26 April 2021



(Capparis spinosa)

These grow wild around here. They are extremely annoying when we encounter them while walking in the woods, because the thorns point backwards and have a never-let-go quality: if you step into a caper bush, there follows a prickly process of delicate extrication. What's more, in winter they lose their foliage, so become almost invisible, and only the dry thorny stems remain.

But now they are in their prime. The buds are ripe for picking, and pickling, though I've never attempted to do this. The ones in our fridge are imported from Turkey. Capers grow in many climates, apparently, from around the Mediterranean to the high altitude deserts of Ladakh.

URL shortening

I was just reflecting on the fact that I've been using bit.ly for URL shortening, and that bit.ly makes a living by tracking users. For many of these, I could/should be using our organization's URL since that is anyway short, and the CMS has a built-in re-direction feature. On reflection, I already do this in a couple of instances, such as an easy mnemonic link to our YouTube channel.

On a couple of of the WordPress installations I use for organizations, Jetpack is enabled, and Jetpack includes a URL shortener of its own (wp.me), which, according to its privacy statement, does not track site visitors (only site owners and registered users (these sites don't have registered users). So it's also possible to use these WP sites for the purpose of redirection, when appropriate.

Old article

An old friend sent me back an article that I must have written and sent to him many years ago. It is about the desirability of living life without meaning. This must have been a subject that was important to me at the time, and thinking about it must have given me a sense of meaning. The major development is that it doesn't seem important these days. Meaning is inherent in an activity at the time that we are doing something. This post is meaningful while I'm writing it. Afterwards, not so much. I can move on.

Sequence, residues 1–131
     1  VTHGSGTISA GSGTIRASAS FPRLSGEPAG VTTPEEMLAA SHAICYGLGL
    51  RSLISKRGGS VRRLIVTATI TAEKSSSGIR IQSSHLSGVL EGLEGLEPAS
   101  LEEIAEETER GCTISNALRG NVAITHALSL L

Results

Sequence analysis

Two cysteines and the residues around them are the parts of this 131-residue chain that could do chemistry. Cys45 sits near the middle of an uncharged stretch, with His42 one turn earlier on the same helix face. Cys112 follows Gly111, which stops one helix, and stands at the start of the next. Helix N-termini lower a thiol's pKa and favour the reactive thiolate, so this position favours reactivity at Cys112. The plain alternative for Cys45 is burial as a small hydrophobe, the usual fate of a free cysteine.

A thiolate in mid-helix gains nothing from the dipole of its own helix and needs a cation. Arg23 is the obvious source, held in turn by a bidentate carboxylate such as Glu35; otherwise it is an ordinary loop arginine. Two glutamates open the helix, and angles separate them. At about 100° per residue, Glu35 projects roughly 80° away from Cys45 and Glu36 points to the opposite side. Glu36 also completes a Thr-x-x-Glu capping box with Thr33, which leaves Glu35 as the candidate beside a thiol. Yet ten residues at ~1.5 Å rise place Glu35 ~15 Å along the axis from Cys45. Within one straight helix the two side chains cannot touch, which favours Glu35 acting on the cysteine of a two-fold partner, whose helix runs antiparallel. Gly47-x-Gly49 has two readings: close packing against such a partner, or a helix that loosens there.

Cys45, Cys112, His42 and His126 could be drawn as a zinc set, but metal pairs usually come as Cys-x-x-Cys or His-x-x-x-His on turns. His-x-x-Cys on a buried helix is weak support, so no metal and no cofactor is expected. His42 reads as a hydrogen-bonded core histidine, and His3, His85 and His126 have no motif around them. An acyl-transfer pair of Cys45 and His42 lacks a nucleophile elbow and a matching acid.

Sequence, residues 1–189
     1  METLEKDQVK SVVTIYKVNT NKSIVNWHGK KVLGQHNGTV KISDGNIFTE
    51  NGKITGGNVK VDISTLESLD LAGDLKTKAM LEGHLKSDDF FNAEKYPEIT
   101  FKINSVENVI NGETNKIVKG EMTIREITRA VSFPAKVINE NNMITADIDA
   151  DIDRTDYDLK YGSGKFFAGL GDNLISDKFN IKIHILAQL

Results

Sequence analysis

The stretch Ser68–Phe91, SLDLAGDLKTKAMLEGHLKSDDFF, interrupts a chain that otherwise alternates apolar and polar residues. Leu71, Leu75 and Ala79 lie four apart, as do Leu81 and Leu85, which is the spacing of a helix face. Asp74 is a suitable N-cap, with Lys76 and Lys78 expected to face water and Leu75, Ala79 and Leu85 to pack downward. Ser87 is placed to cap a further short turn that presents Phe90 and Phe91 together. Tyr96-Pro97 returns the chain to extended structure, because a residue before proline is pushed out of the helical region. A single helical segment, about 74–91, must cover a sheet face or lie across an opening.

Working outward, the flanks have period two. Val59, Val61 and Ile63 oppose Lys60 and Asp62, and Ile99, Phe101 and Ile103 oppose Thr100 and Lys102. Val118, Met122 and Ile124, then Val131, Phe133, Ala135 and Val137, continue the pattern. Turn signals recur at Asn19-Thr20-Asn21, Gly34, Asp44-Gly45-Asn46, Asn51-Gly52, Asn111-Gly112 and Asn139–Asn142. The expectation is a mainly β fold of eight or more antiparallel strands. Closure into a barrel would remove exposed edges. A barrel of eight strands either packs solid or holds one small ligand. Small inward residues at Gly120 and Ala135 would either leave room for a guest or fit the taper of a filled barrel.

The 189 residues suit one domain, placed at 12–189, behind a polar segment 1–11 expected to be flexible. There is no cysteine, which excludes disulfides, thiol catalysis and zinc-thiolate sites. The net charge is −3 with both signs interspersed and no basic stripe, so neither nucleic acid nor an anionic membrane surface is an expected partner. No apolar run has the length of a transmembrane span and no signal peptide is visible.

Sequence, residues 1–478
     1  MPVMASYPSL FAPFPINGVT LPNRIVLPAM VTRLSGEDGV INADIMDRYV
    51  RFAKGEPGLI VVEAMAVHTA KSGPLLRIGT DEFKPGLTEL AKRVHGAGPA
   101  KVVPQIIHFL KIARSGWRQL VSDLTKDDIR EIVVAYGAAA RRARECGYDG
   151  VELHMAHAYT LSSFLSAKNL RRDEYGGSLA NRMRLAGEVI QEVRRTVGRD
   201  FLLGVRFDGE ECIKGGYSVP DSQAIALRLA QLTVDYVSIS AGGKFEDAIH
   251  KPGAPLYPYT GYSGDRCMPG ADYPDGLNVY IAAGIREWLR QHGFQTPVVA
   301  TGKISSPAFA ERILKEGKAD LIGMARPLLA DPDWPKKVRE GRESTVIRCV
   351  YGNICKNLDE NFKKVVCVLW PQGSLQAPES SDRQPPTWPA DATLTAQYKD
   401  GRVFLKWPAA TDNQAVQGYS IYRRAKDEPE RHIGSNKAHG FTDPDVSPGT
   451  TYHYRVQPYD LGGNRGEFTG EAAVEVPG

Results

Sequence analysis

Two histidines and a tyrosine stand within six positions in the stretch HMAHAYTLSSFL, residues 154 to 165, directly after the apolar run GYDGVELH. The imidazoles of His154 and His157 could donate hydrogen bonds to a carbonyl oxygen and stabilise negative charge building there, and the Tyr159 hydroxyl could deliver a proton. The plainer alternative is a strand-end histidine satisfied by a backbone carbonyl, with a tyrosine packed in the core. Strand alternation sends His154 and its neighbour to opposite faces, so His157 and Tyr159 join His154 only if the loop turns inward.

Links blog

The Most Effective Malaria Vaccine Yet Discovered - Slashdot

Excellent news today: we have word of the most effective malaria vaccine yet discovered. A year-long trial in Burkina Faso has shown 77% efficacy, which is by far the record, and which opens the way to potentially relieving a nearly incalculable burden of disease and human suffering.


Algerian scholar gets three years in jail for ‘offending Islam’ | Middle East News | Al Jazeera

The scholar, author of two well-known works, was criticised for writing that the sacrifice of sheep predates Islam and for criticising practices including the marriage of pre-pubescent girls in some Muslim societies.

Biden tells Erdogan he plans to recognise Armenian ‘genocide’ | Genocide News | Al Jazeera

United States President Joe Biden told Turkish President Recep Tayyip Erdogan that he plans to recognise the mass killing of Armenians in the Ottoman Empire during World War I as an act of “genocide”, Bloomberg and the Reuters news agencies reported Friday, citing people familiar with the call between the leaders

‘Insanely cheap energy’: how solar power continues to shock the world | Energy | The Guardian

21 January, 2021

Mystical vision

There's that piece I began to write below (January 21, 2021) on "Julie". The information she and others divulge regarding Swami Vishnu Devananda helps to chasten my naive appraisal of him. This new learning was shocking in some ways, though there is always a lingering element of doubt in our regard for spiritual teachers. There's a book that I read some time ago, "Stripping the Gurus" by Geoffrey Falk, which tries to dispel the myths that surround so many of the well-knows gurus, roshis and venerables from the early 20th century to the present. Needless to say, it's an irreverent book, and not very carefully put together. To give just one example, Falk manages to attribute quotes to Sri Aurobindo from 1953, whereas the man died in 1950.